In a memo to “Candidates, Interested Parties,” subject line: “Public Policy and the Entertainment Community: Five Important Things to Know About the Impact of the American Film and Television Industry on the US Economy” (available at MPAA Tells Candidates That Anti-Piracy Legislation Remains A “Critical” Priority; h/t Skip Oliva), the MPAA repeats a confusing mishmash of propaganda to keep the fascist copyright system strong.
First, the memo tells us of all the money the television and film indusry pours into the national and local economies:
Film and TV production takes place in all 50 states across the country. … The American film and television industry is a massive contributor to the US economy, generating $42.1 billion in wages from direct industry jobs and distributing $37.4 billion in payments to nearly 278,000 businesses around the country in 2010. … When shooting on location, major motion pictures contribute an average of $225,000 daily to the local economy.
Fine. But this doesn’t justify copyright law!
Copyright law, which is enshrined in our constitution, protects those who create everything from books to movies, from songs to software. Copyright is not censorship. Rather, it incentivizes innovation and creativity; the Supreme Court has called copyright the “engine of free expression.” Free speech is vital to creators and innovators, and the movie business wouldn’t exist without freedom of speech and expression. In fact, the motion picture industry has fought aggressively for freedom of speech on behalf of its storytellers for over a hundred years.
It is critical to the entertainment community that we protect the free flow of information on the internet while also protecting the rights of artists and creators.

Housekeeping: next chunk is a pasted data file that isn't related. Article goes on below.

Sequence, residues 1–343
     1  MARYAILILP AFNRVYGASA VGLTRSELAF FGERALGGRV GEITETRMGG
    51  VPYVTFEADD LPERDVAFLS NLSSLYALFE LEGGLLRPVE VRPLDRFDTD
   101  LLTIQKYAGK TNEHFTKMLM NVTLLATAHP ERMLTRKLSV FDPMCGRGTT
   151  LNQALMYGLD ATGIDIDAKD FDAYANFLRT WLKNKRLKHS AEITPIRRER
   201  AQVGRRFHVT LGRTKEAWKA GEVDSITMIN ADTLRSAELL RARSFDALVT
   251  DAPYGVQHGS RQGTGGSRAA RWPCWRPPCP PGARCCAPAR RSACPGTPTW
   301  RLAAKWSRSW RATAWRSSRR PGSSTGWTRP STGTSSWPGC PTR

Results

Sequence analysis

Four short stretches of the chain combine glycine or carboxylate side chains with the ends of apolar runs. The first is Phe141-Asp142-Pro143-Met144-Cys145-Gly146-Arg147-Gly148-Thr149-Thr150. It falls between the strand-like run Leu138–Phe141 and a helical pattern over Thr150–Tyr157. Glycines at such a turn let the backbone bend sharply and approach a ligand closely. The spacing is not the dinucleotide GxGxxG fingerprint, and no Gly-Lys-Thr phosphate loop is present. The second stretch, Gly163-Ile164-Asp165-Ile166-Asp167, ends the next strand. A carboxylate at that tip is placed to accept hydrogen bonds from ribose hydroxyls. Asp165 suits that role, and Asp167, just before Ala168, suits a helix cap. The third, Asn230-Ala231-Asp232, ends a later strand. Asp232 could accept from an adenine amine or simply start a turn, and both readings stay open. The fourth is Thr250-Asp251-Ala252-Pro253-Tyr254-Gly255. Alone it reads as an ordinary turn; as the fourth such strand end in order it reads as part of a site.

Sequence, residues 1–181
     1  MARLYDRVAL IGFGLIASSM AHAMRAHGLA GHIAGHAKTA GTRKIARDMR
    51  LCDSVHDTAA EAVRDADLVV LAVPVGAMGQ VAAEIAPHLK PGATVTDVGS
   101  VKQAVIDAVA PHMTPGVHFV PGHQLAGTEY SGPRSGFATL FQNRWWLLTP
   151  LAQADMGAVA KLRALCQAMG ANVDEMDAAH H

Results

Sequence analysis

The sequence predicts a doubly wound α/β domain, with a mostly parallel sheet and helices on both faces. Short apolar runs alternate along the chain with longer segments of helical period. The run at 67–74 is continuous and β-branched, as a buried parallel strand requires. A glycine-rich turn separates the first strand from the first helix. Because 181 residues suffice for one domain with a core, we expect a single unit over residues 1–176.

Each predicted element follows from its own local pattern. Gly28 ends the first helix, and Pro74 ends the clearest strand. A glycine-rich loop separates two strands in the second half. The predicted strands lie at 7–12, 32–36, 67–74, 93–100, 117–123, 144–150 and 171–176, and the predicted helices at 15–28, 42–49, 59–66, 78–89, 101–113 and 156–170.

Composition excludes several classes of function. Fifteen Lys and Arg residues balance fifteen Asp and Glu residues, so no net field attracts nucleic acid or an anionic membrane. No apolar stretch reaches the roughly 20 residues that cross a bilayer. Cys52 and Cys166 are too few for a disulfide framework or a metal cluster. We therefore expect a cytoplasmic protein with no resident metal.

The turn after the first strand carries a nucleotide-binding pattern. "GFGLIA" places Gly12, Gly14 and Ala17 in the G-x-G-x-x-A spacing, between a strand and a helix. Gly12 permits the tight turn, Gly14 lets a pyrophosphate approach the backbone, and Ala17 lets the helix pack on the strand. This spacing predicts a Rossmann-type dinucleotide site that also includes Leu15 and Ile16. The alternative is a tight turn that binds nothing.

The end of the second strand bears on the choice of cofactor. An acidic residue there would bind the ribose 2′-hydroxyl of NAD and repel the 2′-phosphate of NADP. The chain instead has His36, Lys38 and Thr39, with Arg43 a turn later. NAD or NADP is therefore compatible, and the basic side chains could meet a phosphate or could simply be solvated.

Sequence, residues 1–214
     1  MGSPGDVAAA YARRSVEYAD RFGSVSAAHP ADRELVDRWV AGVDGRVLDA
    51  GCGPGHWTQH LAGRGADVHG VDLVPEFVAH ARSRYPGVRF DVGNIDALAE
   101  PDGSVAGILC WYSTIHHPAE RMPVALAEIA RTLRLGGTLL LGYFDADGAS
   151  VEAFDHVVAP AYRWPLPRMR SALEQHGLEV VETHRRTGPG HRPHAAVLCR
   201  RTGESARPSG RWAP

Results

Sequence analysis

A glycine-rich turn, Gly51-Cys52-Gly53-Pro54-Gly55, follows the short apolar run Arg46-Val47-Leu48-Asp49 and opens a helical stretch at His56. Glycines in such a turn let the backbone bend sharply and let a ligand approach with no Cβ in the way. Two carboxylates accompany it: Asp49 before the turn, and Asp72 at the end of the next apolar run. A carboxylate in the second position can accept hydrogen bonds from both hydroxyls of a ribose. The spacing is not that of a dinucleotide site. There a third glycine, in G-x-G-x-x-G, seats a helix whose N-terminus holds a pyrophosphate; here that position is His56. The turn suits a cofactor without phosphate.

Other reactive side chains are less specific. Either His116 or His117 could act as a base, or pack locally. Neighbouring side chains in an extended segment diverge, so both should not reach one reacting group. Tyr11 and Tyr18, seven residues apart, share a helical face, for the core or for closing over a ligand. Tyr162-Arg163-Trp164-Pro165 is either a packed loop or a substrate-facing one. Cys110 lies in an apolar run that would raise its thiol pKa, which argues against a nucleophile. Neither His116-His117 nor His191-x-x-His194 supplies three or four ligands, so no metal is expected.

The internet must be a place for investment, innovation and creativity – that’s critical not just for our industry, but for intellectual property-intensive industries around the world. In April, the U.S. Department of Commerce released a report that found that intellectual property-intensive industries – including film and television — support at least 40 million jobs and contribute more than $5 trillion dollars to U.S. gross domestic product (GDP). That’s 34.8 percent of US GDP. Simply put, protecting American creativity from theft is critical the U.S. economy – and so is protecting the freedom to express creativity online.
… Now, take $300m CGI summer blockbuster films: if the producers of these things are to be believed, the ongoing capacity to produce glitzy, big budget productions demands that services like YouTube be shut off (see, for example, Viacom’s lawsuit against Google over YouTube).If this is true – I’m no movie exec, maybe it is – then we need to ask ourselves the “balance” question: YouTube’s users produce 29 hours of video every minute and the vast majority of it is not infringing TV and movie clips, it is independently produced material that accounts for more viewer-minutes than television. So, the big studios’ demand amounts to this: “You must shut down the system that delivers billions of hours of enjoyment to hundreds of millions of people so that we can go on delivering about 20 hours’ worth of big budget film every summer.”
To me, this is a no brainer. I mean, I love sitting in an air-conditioned cave watching Bruce Willis beat up a fighter jet with his bare hands as much as the next guy, but if I have to choose between that and all of YouTube, well, sorry Bruce.
Update: See Mike Masnick’s thorough takedown: MPAA Sends Five Key Propaganda Points To Politicians.